We endorse Wesley Beggs for the Democratic nomination
In previous editorials, we have extolled the virtues of the ideal candidate for public office: one with a good education, a wide-ranging knowledge of the salient issues of the day, an open and friendly countenance that invites interaction by prospective voters and, most important, an overriding desire to hold said public office for the benefit of his or her constituents, and not for personal gain. Our examination of Wesley Beggs shows us that she meets all of those criteria.
At the other end of the spectrum are those who should not run for office, or at least be elected: The cranks and gadflies, those with an axe to grind. And Mike Cosentino is such a candidate. He would not even be in the public consciousness if the County Commission had not abandoned a short stretch of Beach Road to the adjoining property owners in 2016. He took exception to that act, claiming it violated the county’s Comprehensive Plan, and he has, beyond all reason, created a virtual cottage industry of opposition, including seeking to place two Sarasota County Charter amendments on the ballot in November in an attempt to reverse that decision.
He remains blissfully oblivious to the fact that the commission’s actions did not violate the county’s Comprehensive Plan, because no part of the abandoned roadway was on the waterfront (it is bounded on both sides by parcels belonging to the property owners who benefited from the abandonment). Ironically, the County Commission did violate its Comprehensive Plan with another abandonment, which we criticized in an editorial in May 2013. In that case, the board gave away waterfront property at the terminus of Calle de Costa Rica on Siesta Key. That lot was three doors down from Mike Cosentino’s house, and yet that abandonment somehow did not stir him to public outrage.
He is Quixotically obsessed with the Beach Road abandonment, and on that basis he wants Sarasota County voters to place him in a position of considerable power. But to do so would be a grave error. He does not merit, nor deserve, serious consideration.
Alternatively, Wesley Beggs is a breath of fresh air in contrast to the fetid, developer-occluded miasma that enshrouds the County Commission. Were she to gain the approval of a majority of the voters, in August and again in November, she would replace Commissioner Al Maio.
Maio’s only distinction in his four years on the County Commission is his long-running struggle with Commissioner Mike Moran for the title of Most Slavishly Devoted Toady of the development community.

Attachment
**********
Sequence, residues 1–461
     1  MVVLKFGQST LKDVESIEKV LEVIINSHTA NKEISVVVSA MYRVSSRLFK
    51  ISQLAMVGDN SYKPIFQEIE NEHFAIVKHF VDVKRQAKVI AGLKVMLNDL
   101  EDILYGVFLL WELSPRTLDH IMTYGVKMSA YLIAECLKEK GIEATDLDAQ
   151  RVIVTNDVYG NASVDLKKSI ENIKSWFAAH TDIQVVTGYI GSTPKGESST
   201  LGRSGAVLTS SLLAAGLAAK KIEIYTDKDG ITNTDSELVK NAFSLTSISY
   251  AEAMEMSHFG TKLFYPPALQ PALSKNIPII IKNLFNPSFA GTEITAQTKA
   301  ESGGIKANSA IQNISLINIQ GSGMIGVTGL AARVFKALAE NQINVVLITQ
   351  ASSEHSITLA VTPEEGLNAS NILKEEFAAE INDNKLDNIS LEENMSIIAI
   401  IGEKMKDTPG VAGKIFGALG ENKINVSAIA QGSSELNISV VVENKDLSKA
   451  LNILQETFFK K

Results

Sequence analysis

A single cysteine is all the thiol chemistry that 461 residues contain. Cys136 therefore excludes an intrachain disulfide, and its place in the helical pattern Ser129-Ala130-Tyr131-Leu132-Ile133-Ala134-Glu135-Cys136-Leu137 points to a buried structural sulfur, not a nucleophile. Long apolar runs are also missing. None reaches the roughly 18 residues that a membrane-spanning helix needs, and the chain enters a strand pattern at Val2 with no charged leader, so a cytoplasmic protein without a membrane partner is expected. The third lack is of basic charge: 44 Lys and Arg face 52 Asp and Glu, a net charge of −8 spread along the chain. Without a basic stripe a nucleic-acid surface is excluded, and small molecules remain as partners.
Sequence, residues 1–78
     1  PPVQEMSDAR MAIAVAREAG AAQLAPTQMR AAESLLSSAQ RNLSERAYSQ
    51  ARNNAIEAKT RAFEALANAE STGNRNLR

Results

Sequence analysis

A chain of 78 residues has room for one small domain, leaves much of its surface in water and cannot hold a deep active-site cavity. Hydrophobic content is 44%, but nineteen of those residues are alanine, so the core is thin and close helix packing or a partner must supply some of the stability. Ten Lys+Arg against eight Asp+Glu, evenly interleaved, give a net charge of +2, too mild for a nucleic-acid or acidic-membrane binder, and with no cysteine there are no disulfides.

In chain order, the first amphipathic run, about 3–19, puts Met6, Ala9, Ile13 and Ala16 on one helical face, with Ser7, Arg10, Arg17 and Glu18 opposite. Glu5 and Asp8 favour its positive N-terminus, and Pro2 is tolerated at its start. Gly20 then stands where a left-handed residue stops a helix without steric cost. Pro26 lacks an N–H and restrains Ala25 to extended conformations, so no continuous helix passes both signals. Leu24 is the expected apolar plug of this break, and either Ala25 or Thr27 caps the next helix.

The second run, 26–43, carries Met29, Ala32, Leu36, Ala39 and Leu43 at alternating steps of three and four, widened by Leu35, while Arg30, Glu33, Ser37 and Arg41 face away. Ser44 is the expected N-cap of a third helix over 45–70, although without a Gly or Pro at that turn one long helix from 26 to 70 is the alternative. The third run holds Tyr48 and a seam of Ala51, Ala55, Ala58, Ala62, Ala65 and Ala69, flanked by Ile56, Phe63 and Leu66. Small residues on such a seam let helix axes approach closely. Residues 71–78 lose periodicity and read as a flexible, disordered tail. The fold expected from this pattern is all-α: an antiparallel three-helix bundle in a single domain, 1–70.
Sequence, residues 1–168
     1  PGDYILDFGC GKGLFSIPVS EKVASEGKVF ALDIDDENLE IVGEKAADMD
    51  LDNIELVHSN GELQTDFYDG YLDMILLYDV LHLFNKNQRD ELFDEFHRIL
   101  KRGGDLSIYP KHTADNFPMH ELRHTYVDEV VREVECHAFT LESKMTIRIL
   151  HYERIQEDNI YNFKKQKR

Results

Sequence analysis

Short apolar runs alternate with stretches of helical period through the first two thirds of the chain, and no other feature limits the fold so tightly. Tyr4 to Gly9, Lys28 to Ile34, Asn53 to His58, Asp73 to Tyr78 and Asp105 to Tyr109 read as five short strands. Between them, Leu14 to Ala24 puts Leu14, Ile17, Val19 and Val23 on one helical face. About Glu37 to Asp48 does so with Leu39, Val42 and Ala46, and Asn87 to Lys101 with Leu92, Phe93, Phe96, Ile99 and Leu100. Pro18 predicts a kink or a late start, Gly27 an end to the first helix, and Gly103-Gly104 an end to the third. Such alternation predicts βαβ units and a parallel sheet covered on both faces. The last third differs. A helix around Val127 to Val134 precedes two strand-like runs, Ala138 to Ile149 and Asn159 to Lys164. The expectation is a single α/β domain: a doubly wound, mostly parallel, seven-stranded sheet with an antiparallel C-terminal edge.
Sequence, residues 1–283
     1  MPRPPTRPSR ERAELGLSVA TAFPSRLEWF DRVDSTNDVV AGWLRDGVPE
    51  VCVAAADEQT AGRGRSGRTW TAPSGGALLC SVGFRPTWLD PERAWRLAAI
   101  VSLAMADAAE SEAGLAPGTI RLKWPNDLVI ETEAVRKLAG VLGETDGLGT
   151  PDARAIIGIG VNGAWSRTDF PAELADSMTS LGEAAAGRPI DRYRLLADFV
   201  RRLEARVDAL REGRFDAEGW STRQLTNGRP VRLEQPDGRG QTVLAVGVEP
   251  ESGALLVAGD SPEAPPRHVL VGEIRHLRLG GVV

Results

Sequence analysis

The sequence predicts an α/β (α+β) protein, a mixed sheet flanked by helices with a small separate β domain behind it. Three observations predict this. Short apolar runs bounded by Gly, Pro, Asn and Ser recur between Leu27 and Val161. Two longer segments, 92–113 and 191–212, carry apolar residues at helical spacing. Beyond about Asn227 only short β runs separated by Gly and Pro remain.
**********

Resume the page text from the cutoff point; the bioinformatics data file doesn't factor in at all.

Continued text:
Instead of Maio’s knee-jerk approvals of whatever exploitative proposal his development overlords were proposing, Beggs would studiously weigh the needs of the county, the will of the people and her own good judgment to lead us to a better Sarasota County. She would seek to preserve those aspects of Sarasota County that make it a desirable place to live, work and play, while steadfastly seeking prudent and complementary opportunities for growth.
We urge our readers to vote for Wesley Beggs for District 4 County Commissioner in the Democratic Primary on Aug. 28.
We endorse Lourdes Ramirez for the Republican nomination
Four years ago, we did not give our endorsement to Al Maio for the District 4 seat. We felt he would be too beholden to the developers in Sarasota County. We were not wrong. Over the last four years, there have been few development proposals that Commissioner Maio did not provide his full-throated support, including a proposal to build a construction debris recycling facility next to the internationally renowned Celery Fields avian refuge. (Maio counters that the Celery Fields originally was a stormwater drainage project, as if its serendipitous evolution into an ecotourism bonanza that draws thousands of tourists to our county is somehow an undesirable result.)
We also did not approve then of Maio’s noxious electoral practices, either personally or through his dark-money confederates. Every effort was made to discredit Candidate Ramirez, using tactics that can most charitably be described as character assassination. Predictably, the deep pockets of Maio’s dark-money benefactors and the cruel aspersions of a brutal mudslinging campaign gave Maio the “victory” (if a victory can be claimed by such dishonorable means).
Now, four years later, Lourdes Ramirez is once again challenging Maio for the District 4 Republican nomination. Once again the vile besmirchers are trying to turn voters against Ramirez. They do not refer to her years of public and community service. They do not refer to her desire to provide a balanced approach to growth in Sarasota County, respecting the sanctity of our fragile environment. Instead, they whisper darkly that she is a psychic; a tarot card reader.
Well, one does not need to be a psychic to know that Al Maio is an accessible county commissioner if you are a wealthy developer. If you are just a regular, hard-working taxpayer, Maio does not care about your opinion. And his record as county commissioner speaks pretty loudly to that reality. We strongly believe that voters made a mistake four years ago in the Republican primary and are now being given an opportunity to right that wrong.
We urge our readers to vote for Lourdes Ramirez for District 4 County Commissioner in the Republican Primary on Aug. 28.